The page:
Advice and Confinement 

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Sequence 25

14-Advice and Confinement

By introspecting, I began to question whether I could do anything to change the course of my future. I considered past decisions and projected into the future. From staff members in the detention centers, I heard two messages:

  • You’ve got nothing comin’.
  • Don’t do the crime if you can’t do the time.

From the other people serving time, I heard a variety of messages:

  • The best way to serve time is to forget about the outside world.
  • Focus on your reputation inside.
  • Survival in prison requires hate.

That advice didn’t inspire much hope. I needed to believe I could accomplish something during my imprisonment. Accomplishments could redeem the bad decisions from my early 20s. I wanted to reconcile with society and open opportunities for a better life.

From reading Socrates, I learned that if I wanted to change the course of my future, I had to start by looking at my past. I had to contemplate the choices I made in the past. I learned to question all my choices.

  • How did earlier decisions influence my predicament? 
  • What effect would those decisions have on my future?
  • Could I take steps during my imprisonment to influence people I would meet in the future? 
  • Was it possible to influence how others would perceive me?
  • Could I reconcile in ways that would induce leaders to join my support group?

Those were yes or no questions. While locked in the cell, I questioned whether I could do anything to influence the people I would meet in the months, years, and decades ahead. 

Either I had the power within to transform my life, or I didn’t. The more I introspected on questions, the more hope I developed. Decisions I made while serving time could influence the life that I would lead upon release. Still, I wanted more clarity. The path ahead wasn’t so apparent during those early stages of my journey. 

  • I didn’t know what sentence my judge would impose. 
  • I didn’t know where prison administrators would send me. 
  • I didn’t know the people with whom I would have to serve time. 
  • I didn’t know anything about prison. 
  • I didn’t know how I would support myself. 
  • And I didn’t know what else I didn’t know.

There were a lot of unknowns. But I knew what I wanted: return to society unscathed from prison.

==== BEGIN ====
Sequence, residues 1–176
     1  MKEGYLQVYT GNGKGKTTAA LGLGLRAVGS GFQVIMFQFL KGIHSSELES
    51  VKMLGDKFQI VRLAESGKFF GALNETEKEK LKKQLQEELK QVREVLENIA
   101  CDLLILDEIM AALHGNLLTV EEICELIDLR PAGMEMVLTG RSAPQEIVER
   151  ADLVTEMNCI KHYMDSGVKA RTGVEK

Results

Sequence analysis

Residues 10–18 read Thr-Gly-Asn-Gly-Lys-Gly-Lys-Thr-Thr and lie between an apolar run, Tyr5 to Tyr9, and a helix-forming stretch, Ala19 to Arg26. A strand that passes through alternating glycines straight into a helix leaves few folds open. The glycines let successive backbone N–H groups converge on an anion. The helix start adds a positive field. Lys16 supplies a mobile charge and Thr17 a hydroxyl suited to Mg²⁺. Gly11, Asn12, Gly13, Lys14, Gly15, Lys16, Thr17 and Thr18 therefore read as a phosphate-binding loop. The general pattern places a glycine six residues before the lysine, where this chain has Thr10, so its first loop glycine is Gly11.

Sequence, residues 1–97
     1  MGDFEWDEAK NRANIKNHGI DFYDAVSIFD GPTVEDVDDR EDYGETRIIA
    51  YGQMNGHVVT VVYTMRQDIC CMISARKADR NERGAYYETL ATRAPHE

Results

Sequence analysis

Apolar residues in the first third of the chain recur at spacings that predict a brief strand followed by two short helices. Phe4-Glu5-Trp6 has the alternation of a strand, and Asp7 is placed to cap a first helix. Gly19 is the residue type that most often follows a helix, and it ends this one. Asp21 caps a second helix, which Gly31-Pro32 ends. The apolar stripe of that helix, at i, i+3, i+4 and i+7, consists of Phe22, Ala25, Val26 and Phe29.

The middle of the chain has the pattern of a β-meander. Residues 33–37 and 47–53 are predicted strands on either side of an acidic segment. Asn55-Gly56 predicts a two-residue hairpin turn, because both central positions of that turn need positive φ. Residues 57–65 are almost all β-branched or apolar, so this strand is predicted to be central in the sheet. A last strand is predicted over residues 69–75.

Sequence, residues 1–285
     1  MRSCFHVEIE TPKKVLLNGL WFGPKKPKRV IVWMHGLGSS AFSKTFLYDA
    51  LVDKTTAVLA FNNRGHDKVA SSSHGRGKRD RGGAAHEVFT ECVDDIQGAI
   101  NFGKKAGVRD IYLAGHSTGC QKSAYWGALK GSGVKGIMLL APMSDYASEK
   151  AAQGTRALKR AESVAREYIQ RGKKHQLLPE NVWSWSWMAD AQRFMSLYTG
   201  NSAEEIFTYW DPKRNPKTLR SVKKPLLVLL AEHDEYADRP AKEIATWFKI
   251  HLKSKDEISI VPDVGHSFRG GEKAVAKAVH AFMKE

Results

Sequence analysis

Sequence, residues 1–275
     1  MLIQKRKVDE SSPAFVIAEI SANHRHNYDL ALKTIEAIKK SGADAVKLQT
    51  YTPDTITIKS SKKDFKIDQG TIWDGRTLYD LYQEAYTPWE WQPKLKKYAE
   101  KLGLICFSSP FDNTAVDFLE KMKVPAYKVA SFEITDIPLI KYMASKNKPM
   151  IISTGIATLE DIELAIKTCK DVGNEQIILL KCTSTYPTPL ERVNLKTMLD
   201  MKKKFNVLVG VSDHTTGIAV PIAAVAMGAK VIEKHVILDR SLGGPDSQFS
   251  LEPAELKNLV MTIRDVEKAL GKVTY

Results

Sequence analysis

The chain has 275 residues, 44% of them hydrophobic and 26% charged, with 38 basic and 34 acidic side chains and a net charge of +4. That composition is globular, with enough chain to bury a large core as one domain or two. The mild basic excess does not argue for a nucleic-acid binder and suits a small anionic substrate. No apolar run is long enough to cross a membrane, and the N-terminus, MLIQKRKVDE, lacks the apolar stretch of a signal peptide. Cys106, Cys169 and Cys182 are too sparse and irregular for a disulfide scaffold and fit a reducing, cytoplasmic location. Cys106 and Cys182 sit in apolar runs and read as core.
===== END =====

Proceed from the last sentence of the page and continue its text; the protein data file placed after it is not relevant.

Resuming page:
How could someone serving decades in prison prepare for a triumphant return to society? 

The sooner a person starts asking such questions, the more it becomes possible to engineer a strategy that will lead to success.

Asking good questions led me to further thoughts. The more I stared at the concrete block walls, the more questions I had. The questions brought clarity. For me, the exercise in personal development began with “Socratic questioning.” 

We can define Socratic questioning as an exercise in asking questions that may help us come up with better answers. I learned how introspection could empower me.

We all have the power to ask better questions. Masterminds defined insanity as doing the same thing repeatedly but expecting a different result. 

As I lay in my cell, I knew I wanted a different life. It dawned on me that if I continued to associate with people who broke the law, I would always have problems with the law. I began to think of what I could do to build a better life—a life where I wouldn’t be running from the law or running from anyone else.

Restoring Strength:

Thinking about my past helped. First, I thought about all the decisions that led to my troubles with the law. Then I thought about what I could do to build a life of meaning and relevance. 

What could I do to influence people I would meet in the future?

I didn’t know who those people would be, but I knew that others would influence my ability to lead a full life after prison. 

A probation officer would supervise me after release. 

Could I take steps to influence that future probation officer?

I didn’t have much in the way of work experience before prison. Yet I would have to persuade an employer to hire me. 

Could I influence the ways that future employers would judge me?

I didn’t have any financial resources and would need people or companies to extend credit. 

Could I take steps while in prison to make it easier to obtain credit when I got out?

How could I use the time inside to solve problems I would face after release?


What steps are you taking to convert adversaries into advocates?

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